February 13, 2019

Think you know books?

Which one starts like this? Click on a book below to answer

Don't nobody believe nothing these days, which is why I haven't told nobody the story I'm about to tell you. And, truth is, you probably ain't gon' believe it either, gon' think I'm lying, or I'm losing it, but I'm telling you, this story is true. It happened to me. Really. It did. It so did.
The Adventures of Huckleberry Finn
Mark Twain

The Adventures of Huckleberry Finn

By: Mark Twain
Recommended for grade(s): 11, 12

Mark Twain's tale of a boy's picaresque journey down the Mississippi on a raft conveyed the voice and experience of the American frontier as no other work had done before. When Huck escapes from his drunken father and the 'sivilizing' Widow Douglas with the runaway slave Jim, he embarks on a series of adventures that draw him to feuding families and the trickery of the unscrupulous 'Duke' and 'Dauphin'. Beneath the exploits, however, are more serious undercurrents - of slavery, adult control and, above all, of Huck's struggle between his instinctive goodness and the corrupt values of society, which threaten his deep and enduring friendship with Jim. —from the website at Penguin Random House

Where to Find

Score a physical copy of the book.

Long Way Down
Jason Reynolds

Long Way Down

By: Jason Reynolds
Recommended for grade(s): 8, 9, 10

A cannon. A strap. A piece. A biscuit. A burner. A heater. A chopper. A gat. A hammer A tool for RULE. Or, you can call it a gun. That's what fifteen-year-old Will has shoved in the back waistband of his jeans. See, his brother Shawn was just murdered. And Will knows the rules. No crying. No snitching. Revenge. That's where Will's now heading, with that gun shoved in the back waistband of his jeans, the gun that was his brother's gun. He gets on the elevator, seventh floor, stoked. He knows who he's after. Or does he? As the elevator stops on the sixth floor, on comes Buck. Buck, Will finds out, is who gave Shawn the gun before Will took the gun. Buck tells Will to check that the gun is even loaded. And that's when Will sees that one bullet is missing. And the only one who could have fired Shawn's gun was Shawn. Huh. Will didn't know that Shawn had ever actually USED his gun. Bigger huh. BUCK IS DEAD. But Buck's in the elevator? Just as Will's trying to think this through, the door to the next floor opens. A teenage girl gets on, waves away the smoke from Dead Buck's cigarette. Will doesn't know her, but she knew him. Knew. When they were eight. And stray bullets had cut through the playground, and Will had tried to cover her, but she was hit anyway, and so what she wants to know, on that fifth floor elevator stop, is, what if Will, Will with the gun shoved in the back waistband of his jeans, MISSES. And so it goes, the whole long way down, as the elevator stops on each floor, and at each stop someone connected to his brother gets on to give Will a piece to a bigger story than the one he thinks he knows. A story that might never know an END--if WILL gets off that elevator. A Newbery Honor Book. ALA and YALSA Top Ten Best Fiction 2018. 2018 Michael Printz Honor Book. 2018 Coretta Scott King Honor Book. Los Angeles Times Book Prize Winner. --From the website at Simon and Schuster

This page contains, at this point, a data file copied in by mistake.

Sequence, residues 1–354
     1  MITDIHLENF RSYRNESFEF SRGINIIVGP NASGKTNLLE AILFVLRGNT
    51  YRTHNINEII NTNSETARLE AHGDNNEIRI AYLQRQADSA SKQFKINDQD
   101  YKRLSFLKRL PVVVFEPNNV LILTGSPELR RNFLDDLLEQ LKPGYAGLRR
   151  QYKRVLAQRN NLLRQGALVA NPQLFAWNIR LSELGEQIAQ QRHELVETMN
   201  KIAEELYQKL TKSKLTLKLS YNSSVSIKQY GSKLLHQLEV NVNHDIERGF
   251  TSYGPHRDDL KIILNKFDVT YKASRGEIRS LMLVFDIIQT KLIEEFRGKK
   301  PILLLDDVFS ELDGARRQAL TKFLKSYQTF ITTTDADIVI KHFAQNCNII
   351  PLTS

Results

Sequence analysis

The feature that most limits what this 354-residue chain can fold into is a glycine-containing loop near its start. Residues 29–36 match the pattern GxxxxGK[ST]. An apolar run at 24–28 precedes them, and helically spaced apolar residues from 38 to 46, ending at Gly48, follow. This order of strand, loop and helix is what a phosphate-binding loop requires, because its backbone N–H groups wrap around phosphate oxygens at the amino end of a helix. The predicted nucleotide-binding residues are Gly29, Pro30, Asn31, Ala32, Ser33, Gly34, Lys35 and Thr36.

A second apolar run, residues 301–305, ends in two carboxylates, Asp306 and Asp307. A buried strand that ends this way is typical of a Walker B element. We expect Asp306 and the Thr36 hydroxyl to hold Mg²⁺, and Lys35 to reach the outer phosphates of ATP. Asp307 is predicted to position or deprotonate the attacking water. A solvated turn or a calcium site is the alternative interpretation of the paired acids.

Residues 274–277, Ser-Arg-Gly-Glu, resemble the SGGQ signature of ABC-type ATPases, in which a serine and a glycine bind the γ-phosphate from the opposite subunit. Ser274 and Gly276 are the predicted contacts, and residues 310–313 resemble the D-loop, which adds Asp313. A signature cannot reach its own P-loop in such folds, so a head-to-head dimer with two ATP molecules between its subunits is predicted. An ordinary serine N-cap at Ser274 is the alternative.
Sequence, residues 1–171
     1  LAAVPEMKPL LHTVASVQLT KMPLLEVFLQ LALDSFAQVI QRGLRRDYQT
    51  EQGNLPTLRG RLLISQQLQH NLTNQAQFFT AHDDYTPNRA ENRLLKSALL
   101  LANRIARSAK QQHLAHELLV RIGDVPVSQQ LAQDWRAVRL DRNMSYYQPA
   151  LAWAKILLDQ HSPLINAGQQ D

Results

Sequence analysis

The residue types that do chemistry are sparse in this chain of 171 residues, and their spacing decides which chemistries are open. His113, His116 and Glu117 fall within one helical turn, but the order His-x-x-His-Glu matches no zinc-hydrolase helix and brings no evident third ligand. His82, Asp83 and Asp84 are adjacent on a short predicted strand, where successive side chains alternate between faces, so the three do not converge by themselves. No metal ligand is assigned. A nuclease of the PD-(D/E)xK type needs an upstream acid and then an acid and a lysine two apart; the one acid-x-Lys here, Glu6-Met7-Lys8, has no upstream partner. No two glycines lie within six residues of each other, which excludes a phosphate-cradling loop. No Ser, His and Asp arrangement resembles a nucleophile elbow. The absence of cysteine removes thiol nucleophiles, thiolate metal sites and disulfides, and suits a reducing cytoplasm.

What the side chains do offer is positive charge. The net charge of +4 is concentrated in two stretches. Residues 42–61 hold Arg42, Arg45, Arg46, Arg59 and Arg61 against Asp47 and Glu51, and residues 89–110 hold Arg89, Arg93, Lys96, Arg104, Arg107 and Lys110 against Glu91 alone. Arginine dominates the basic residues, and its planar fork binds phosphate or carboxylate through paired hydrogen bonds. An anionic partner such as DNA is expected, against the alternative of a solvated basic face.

Where to Find

Score a physical copy of the book.

Gods in Alabama
Joshilyn Jackson

Gods in Alabama

By: Joshilyn Jackson
Recommended for grade(s): 11, 12, College Plus

For 10 years Arlene has kept her promises, and God has kept His end of the bargain. Until now. When an old schoolmate from Possett turns up at Arlene's door in Chicago asking questions about Jim Beverly, former quarterback and god of Possett High, Arlene's break with her former hometown is forced to an end. At the same time, Burr, her long-time boyfriend, has raised an ultimatum: introduce him to her family or consider him gone. Arlene loves him dearly but knows her lily white (not to mention deeply racist)Southern Baptist family will not understand her relationship with an African American boyfriend. Reluctantly, Arlene bows to the pressure, and she and Burr embark on the long-avoided road trip back home. As Arlene digs through guilt and deception, her patched-together alibi begins to unravel, and she discovers how far she will go for love and a chance at redemption. --From Grand Central Publishing

Where to Find

Score a physical copy of the book.

Alligator Bayou
Donna Jo Napoli

Alligator Bayou

By: Donna Jo Napoli
Recommended for grade(s): 8, 9, 10

An unforgettable novel, based on a true story, about racism against Italian Americans in the South in 1899. Fourteen-year-old Calogero, his uncles, and his cousins are six Sicilians living in the small town of Tallulah, Louisiana, miles from any of their countrymen. They grow vegetables and sell them at their stand and in their grocery store. Some people welcome the immigrants; most do not. Calogero's family is caught in the middle of tensions between the black and white communities. As Calogero struggles to adapt to Tallulah, he is startled and thrilled by the danger of midnight gator hunts in the bayou and by his powerful feelings for Patricia, a sharp-witted, sweet-natured black girl. Meanwhile, every day, and every misunderstanding between the white community and the Sicilians, bring Calogero and his family closer to a terrifying, violent confrontation. —from the website at Penguin Random House

Where to Find

Score a physical copy of the book.